Shifting from hell hot to “only” oven heat just isn’t much of a change.

I prefer to get excited about the days being longer, the weather warmer, and flowers beginning to bloom after winter instead of “Oh wow, so instead of sweating out 5 liters today, it will only be four!”

I need my weather diversity.

Traveler fatigue


We’ve had some great apartments and such, but every so often I find myself yearning for a place that is decorated with MY stuff. I sometimes want to see MY photos and art work on the wall, with my selection for furnishings, and I want a fully equipped kitchen.

And we REALLY miss having pets. We have a couple of house sits coming up that have quite the menagerie, and we’re really looking forward to that. Still, we miss having our own cat and/or dog. One that we aren’t constantly leaving behind and who has been raised with us and feels a stronger connection.

Sometimes you just want to know that stain on the couch came from you.

Have you ever experienced traveler fatigue? What was it like for you?

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  1. Glad to hear you keeping it real Talon-it prevents total envy!

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  2. I felt a little travel fatigue when I was in Brazil, started to crave certain types of foods and started to really look forward to being back in my own bed. So many different types of travel fatigue, do you have any tips on dealing with it? If you’re craving something or just can’t stand something how do you get past it when you know you’re not leaving for a while?

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    • For me when I have those cravings, I just try to focus on the things I like and not put too much energy into it. But it is hard. Thankfully, I haven’t been in a place that I wasn’t going to be “stuck” in for a while.

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  3. After Asia, I had temple and cave fatigue. After Europe, I had church and museum fatique. But now I’m back home, I miss those places!! I do also get food fatigue. When I was Asia there were some days that I just didn’t want to eat rice (and I’m Asian!). I remember in Vietnam I found a pizza place and I ate there every day for a week because I knew I wouldn’t find a decent pizza for a while.

    When I clicked your link I thought you were actually talking about true fatigue/exhaustion.

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    • We went through a phase in Morocco where we were eating a lot of frozen lasagna because we just couldn’t face anymore of the local foods. We still laugh about how excited we got when we spotted them in a store. We went out of our way to go to that store to buy them every week.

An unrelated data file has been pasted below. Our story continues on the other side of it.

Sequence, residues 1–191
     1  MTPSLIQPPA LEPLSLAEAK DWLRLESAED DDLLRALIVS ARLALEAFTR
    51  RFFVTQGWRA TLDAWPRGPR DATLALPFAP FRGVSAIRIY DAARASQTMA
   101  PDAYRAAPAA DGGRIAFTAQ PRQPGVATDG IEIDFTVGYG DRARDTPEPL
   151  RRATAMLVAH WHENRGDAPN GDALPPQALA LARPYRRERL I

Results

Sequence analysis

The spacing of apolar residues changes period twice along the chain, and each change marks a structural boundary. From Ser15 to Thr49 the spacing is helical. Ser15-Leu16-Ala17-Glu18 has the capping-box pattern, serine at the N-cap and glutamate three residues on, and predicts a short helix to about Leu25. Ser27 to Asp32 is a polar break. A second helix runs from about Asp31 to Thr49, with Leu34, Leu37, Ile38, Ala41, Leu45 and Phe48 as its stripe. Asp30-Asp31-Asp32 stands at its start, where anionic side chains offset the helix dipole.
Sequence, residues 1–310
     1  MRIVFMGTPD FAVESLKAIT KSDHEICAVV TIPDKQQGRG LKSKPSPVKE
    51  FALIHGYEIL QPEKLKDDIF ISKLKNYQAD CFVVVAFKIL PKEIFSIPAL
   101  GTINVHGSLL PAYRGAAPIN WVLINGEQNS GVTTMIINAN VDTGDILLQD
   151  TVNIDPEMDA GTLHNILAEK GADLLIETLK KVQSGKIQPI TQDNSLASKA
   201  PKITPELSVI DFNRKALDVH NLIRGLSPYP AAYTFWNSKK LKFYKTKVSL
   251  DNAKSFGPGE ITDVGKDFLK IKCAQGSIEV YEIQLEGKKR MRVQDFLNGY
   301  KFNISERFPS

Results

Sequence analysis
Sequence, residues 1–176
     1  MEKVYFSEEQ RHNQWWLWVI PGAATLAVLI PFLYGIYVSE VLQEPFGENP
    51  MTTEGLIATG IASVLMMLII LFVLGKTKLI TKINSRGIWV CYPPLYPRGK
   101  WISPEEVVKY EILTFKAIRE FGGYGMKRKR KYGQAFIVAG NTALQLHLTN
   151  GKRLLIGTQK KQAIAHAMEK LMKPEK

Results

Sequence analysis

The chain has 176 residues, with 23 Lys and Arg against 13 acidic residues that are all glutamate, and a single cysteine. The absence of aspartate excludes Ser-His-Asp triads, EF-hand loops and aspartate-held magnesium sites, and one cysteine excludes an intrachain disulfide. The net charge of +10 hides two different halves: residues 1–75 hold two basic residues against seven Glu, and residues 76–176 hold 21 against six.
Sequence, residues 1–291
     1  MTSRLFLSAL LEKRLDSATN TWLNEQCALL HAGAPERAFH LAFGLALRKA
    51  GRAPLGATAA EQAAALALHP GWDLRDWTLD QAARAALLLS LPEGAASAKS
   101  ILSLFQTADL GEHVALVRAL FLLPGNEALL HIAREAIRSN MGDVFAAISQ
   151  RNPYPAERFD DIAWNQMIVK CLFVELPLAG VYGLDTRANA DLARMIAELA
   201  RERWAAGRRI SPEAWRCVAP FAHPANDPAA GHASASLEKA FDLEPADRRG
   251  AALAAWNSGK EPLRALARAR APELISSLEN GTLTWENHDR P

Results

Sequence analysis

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  4. You neglected to mention “templed out” in Asia. Don’t mean no disrespect mind you, but if I NEVER see another Bhudda, it will be too soon. 😉

    That said, this long-term travel thing is definitely an evolution. 2+ years in, and I still vacillate between “nesting” and “itchy feet”. But I must say – Ecuador is feeling mighty good these days. Like landing on another PLANET after Asia. And the weather here at 8,000 ft. could be more perfect.

    Then again, talk to me in 6 months – I’ll likely be booking air to Ethiopia. 😉

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    • Templed out indeed. Although I’m still interested in all those things, I can totally understand why he’s over them.

      South America is definitely a different world from SE Asia! LOL Glad you’re enjoying it. We really liked Cuenca.

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  5. I hear you loud and clear on the pie front! We spent Christmas in Prague and I was so heartbroken when we were unable to find pie for dessert or hashbrowns for Christmas breakfast (we made our own which were great but not when I felt like the crappy ones from home with my favorite hot sauce on them). I think it made being away during the holidays that much more difficult. The funny thing is that after craving certain foods for so long, now that we’re home I’m all nonchalant about them, like now that I can have them whenever I want it’s no big deal – except pie, I could eat an entire pie anywhere, anytime 🙂

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    • Yes, being able to easily get whatever you want sure seems to cut the cravings. Not being able to find them when you want something can almost make you obsessed!